VCR to digital file

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VCR to digital file

Lynda Cook
We have a bunch of VCR tapes of our kids when they were young.  I have a working VCR player, but can’t figure out a way to convert the tape to a digital file.  Since VCR is basically a dead medium, tI want to try to recover the data and store on an external HD.  

Anyone have any suggestions, other than sending them Costco or other service that will charge about $18 each?  I have some out with them now, but found a bunch more and many just have short clips I’d like to retrieve.

Lynda


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Re: VCR to digital file

Paul Chernoff
I have done these transfer with Elgato's EyeTV. I've converted videos on both VHS and Hi-8 tapes. My model is no longer made, the demand for a product to watch standard TV on a computer is greatly diminished. But The Elgato Video Capture Device 10020840 looks to be good for doing the job. I have used their software for very basic editing. I then exported from EyeTV to MPEG-4 files for editing in other products and then created DVDs in both Toast and Apple's no defunct DVD software.

What is realy nice is creating movies of just the good parts so it is interesting for others to watch, rather than fast forwarding through a hour long graduation ceremony to the 30 seconds that you child walks up and grags his/hers diploma.


Paul Chernoff
Director of Information Technology
Washingtonian Media
202.862.3504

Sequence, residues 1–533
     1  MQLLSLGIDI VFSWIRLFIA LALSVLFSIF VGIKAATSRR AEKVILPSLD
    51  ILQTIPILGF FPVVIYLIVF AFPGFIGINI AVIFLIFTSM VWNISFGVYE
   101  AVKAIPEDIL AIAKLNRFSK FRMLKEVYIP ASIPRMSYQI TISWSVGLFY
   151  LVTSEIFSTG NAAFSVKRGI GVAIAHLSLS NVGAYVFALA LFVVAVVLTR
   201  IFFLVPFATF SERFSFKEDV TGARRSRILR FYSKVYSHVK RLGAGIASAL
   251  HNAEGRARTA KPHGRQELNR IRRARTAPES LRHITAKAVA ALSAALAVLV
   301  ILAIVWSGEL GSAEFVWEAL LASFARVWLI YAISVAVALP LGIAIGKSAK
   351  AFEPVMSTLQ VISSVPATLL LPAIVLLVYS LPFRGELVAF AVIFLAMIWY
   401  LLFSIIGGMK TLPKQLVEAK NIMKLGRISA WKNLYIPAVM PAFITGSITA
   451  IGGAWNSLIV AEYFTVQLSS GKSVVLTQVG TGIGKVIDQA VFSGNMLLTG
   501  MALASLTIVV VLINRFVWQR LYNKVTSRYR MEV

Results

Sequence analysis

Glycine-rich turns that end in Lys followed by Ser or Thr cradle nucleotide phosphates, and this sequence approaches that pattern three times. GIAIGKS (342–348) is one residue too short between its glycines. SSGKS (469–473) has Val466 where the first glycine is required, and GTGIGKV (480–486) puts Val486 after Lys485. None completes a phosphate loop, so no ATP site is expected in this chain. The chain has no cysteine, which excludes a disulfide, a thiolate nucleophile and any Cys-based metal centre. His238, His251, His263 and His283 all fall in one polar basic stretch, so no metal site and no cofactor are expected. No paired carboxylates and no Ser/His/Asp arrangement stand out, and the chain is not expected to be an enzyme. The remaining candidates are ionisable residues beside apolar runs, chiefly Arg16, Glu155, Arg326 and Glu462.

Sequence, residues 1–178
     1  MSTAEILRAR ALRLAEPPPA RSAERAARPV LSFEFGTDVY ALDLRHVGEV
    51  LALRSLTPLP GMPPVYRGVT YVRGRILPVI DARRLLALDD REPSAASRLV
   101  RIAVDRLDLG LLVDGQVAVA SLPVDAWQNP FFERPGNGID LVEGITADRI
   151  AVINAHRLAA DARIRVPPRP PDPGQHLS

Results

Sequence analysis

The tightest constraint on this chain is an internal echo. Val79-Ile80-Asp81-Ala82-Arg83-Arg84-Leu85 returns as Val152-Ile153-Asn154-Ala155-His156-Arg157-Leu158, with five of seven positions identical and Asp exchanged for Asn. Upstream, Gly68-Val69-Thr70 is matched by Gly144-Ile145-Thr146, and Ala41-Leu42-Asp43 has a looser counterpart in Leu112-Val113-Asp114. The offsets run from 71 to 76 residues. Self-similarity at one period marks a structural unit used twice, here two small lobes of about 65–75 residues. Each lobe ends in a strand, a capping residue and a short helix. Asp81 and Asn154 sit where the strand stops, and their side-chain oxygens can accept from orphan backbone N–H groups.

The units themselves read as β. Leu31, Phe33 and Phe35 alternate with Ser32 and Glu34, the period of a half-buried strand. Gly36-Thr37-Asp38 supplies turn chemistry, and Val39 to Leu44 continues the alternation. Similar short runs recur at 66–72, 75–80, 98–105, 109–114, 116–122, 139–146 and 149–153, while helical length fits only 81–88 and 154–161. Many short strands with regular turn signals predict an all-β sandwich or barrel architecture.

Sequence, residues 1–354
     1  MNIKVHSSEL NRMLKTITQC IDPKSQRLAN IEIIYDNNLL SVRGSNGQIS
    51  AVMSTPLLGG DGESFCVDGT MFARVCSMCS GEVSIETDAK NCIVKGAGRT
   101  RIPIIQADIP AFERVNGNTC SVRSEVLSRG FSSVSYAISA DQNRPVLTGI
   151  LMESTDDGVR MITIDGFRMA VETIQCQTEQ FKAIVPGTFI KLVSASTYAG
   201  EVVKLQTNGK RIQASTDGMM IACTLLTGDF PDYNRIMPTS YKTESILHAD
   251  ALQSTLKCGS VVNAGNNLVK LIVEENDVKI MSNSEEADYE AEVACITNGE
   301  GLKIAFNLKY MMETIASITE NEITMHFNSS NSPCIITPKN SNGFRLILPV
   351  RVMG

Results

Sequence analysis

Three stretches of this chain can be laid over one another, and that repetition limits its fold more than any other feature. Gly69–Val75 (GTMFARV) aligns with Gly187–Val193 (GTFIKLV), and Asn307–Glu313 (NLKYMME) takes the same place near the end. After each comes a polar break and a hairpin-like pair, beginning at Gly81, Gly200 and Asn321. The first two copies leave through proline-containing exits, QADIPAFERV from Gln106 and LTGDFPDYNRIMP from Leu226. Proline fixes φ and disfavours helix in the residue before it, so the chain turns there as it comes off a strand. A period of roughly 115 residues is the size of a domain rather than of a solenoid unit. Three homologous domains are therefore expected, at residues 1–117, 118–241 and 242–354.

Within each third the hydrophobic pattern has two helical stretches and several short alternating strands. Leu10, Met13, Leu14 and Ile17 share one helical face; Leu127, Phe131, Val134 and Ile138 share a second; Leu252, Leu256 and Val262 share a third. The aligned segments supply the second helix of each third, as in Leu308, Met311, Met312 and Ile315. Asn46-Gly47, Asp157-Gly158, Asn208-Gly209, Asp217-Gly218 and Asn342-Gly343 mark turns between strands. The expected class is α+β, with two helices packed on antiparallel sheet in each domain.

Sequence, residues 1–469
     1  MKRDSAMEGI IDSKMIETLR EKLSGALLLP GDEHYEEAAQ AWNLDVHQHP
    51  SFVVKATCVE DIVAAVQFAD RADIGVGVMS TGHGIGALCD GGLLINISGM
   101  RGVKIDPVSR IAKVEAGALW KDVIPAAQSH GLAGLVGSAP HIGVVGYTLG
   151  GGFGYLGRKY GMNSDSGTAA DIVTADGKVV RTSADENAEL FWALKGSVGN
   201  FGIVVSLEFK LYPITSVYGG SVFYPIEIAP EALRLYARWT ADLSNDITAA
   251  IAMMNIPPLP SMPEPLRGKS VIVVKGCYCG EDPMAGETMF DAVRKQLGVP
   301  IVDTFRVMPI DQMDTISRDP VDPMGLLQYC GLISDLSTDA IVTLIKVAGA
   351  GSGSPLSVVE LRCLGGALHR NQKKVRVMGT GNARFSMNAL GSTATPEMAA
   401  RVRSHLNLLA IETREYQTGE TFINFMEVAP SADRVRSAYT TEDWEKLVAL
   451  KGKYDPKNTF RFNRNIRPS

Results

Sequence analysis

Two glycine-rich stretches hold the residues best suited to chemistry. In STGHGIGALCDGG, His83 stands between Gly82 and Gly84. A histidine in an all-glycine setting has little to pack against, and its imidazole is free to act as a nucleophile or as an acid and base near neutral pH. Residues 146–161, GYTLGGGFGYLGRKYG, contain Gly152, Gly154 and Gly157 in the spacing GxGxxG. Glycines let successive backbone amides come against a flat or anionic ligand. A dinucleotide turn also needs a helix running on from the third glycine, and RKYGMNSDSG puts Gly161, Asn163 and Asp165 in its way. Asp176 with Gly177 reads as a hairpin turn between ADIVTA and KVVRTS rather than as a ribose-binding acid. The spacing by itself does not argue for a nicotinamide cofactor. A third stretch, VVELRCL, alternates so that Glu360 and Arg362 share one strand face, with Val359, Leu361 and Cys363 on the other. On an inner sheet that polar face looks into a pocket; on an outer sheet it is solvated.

On Aug 7, 2014, at 3:08 PM, Lynda Cook <[hidden email]> wrote:

> We have a bunch of VCR tapes of our kids when they were young.  I have a working VCR player, but can’t figure out a way to convert the tape to a digital file.  Since VCR is basically a dead medium, tI want to try to recover the data and store on an external HD.  
>
> Anyone have any suggestions, other than sending them Costco or other service that will charge about $18 each?  I have some out with them now, but found a bunch more and many just have short clips I’d like to retrieve.
>
> Lynda
>
>
> ____________TidBITS Talk Participation Guidelines____________
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Re: VCR to digital file

Marc Zeedar-2
In reply to this post by Lynda Cook


> On Aug 7, 2014, at 12:08 PM, Lynda Cook <[hidden email]> wrote:
>
> I have a working VCR player, but can’t figure out a way to convert the tape to a digital file.

Years ago I bought a cheap DVD/VCR combo unit at Walmart (I think it was about $50). They probably don't carry such a beast any more, but you can probably find a used one online cheap.

You just put a blank DVD in one side and the videotape in the other and there a button that plays the tape and records it to the DVD.

It's handy in two ways: you get a DVD version, which is much more useful and has a longer life, and you can easily rip the DVD to a digital file with free software such as Handbrake. Then you can edit it to chunks.


Marc Zeedar
Publisher
xDev Magazine





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Re: VCR to digital file

Chris Poterala
I didn't think those types of playback units offered any sort of write
capability on the DVD side of things. I thought it was just to offer
the convenience of playing back both types of media as people
transitioned from VCR to DVD.


chris poterala - [hidden email]
http://twitter.com/potsie


On Thu, Aug 7, 2014 at 3:30 PM, Marc Zeedar <[hidden email]> wrote:

>
>
>> On Aug 7, 2014, at 12:08 PM, Lynda Cook <[hidden email]> wrote:
>>
>> I have a working VCR player, but can’t figure out a way to convert the tape to a digital file.
>
> Years ago I bought a cheap DVD/VCR combo unit at Walmart (I think it was about $50). They probably don't carry such a beast any more, but you can probably find a used one online cheap.
>
> You just put a blank DVD in one side and the videotape in the other and there a button that plays the tape and records it to the DVD.
>
> It's handy in two ways: you get a DVD version, which is much more useful and has a longer life, and you can easily rip the DVD to a digital file with free software such as Handbrake. Then you can edit it to chunks.